This is an invitation to change everything.

    When Bill McKibben published “A Call to Arms: An Invitation to Demand Action on Climate Change” in the June 5th edition of Rolling Stone, he wrote this confident sentence under the title:

    When world leaders gather in New York this fall to confront climate change, tens of thousands of people (and maybe you) will be there to demand they take action before it’s too late.

    McKibben credits most of the world’s leaders with doing what most of us have done – the easy things – but they haven’t set the world on a new course. For example, President Barack Obama pushed through more demanding mileage standards for cars, but he’s also opened huge areas of our land to oil drilling and coal mining, making the U.S. the world’s biggest petro producer.

    Here’s a portion of McKibben’s essay worth reading.

    Like other world leaders, Pres. Obama tried, but not nearly hard enough. Consider what he told The New Yorker in an interview earlier this year: “At the end of the day, we’re part of a long-running story. We just try to get our paragraph right.” And “I think we are fortunate at the moment that we do not face a crisis of the scale and scope that Lincoln or FDR faced.”

    We do, though; we face a crisis as great as any president has ever encountered. Here’s how his paragraph looks so far: Since he took office, summer sea ice in the Arctic has mostly disappeared, and at the South Pole, scientists in May made clear that the process of massive melt is now fully under way, with 10 feet of sea-level rise in the offing. Scientists have discovered the depth of changes in ocean chemistry: that seawater is 30 percent more acidic than just four decades ago, and it’s already causing trouble for creatures at the bottom of the marine food chain. America has weathered the hottest year in its history, 2012, which saw a drought so deep that the corn harvest largely failed. At the moment, one of the biggest states in Obama’s union, California, is caught in a drought deeper than any time since Europeans arrived. Hell, a few blocks south of the U.N. buildings, Hurricane Sandy turned the Lower East Side of New York into a branch of the East River.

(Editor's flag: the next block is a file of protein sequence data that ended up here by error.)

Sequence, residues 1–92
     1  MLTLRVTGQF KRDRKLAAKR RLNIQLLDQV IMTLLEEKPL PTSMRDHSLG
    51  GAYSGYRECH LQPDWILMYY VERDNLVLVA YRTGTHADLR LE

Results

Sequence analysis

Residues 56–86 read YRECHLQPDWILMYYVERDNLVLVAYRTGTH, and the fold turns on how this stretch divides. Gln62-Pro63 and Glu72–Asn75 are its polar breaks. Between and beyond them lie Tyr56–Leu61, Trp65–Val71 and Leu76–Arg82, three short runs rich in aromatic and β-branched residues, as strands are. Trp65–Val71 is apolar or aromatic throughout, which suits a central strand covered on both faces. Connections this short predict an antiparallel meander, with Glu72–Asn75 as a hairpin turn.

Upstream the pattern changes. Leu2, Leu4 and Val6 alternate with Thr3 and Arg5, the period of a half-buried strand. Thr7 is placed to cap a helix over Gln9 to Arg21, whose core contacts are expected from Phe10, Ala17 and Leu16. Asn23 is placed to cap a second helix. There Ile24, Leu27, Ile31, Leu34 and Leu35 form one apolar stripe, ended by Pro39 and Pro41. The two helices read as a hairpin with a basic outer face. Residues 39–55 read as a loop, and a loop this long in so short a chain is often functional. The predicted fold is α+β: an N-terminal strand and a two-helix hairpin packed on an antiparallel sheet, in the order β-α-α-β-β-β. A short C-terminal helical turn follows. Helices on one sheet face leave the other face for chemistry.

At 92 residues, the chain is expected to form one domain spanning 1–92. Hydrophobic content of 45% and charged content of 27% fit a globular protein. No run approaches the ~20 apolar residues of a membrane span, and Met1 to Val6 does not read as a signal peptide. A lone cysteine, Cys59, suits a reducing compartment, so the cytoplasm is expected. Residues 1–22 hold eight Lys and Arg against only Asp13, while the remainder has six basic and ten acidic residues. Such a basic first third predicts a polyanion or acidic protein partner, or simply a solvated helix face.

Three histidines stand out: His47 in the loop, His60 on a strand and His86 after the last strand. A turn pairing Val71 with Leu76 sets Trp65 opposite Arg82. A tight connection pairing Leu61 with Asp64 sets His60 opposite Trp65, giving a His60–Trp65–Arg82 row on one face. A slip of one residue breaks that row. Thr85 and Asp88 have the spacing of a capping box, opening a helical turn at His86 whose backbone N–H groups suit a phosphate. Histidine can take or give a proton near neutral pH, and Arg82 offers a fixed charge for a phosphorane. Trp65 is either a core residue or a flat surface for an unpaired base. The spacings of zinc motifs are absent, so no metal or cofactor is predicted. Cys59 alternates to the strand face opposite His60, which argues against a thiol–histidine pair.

And that’s just the United States. The world’s scientists earlier this spring issued a 32-volume report explaining exactly how much worse it’s going to get, which is, to summarize, a lot worse even than they’d thought before. It’s not that the scientists are alarmists – it’s that the science is alarming. Here’s how one Princeton scientist summarized the situation for reporters: “We’re all sitting ducks.”

    The gap between “We’re all sitting ducks” and “We do not face a crisis” is the gap between halfhearted action and the all-out effort that might make a difference. It’s the gap between changing light bulbs and changing the system that’s powering our destruction.

    For the rest of the article, go here.

    statue of liberty in rising tideMcKibben claims people who work for environmental justice, labor unions, people in faith groups, students, and middle class white folks are all united in this cry to change everything. There are examples in history when large numbers of people took to the streets and they succeeded in changing the course of history.

    Michael Brune, Executive Director of the Sierra Club writes“This isn’t  just about getting a bunch of people to New York to march for an hour then go home. This is about making sure that the tipping point in the fight to halt climate disruption tips in the favor of the average citizen and clean energy prosperity, and that the world’s leaders see that the support to do so has reached a level that can no longer be ignored.”

    So take heart.  If you can’t be in NYC, join the Davis climate movement on September 21. Go to www.yolanoclimateaction.org for updates on how to be part of the local action.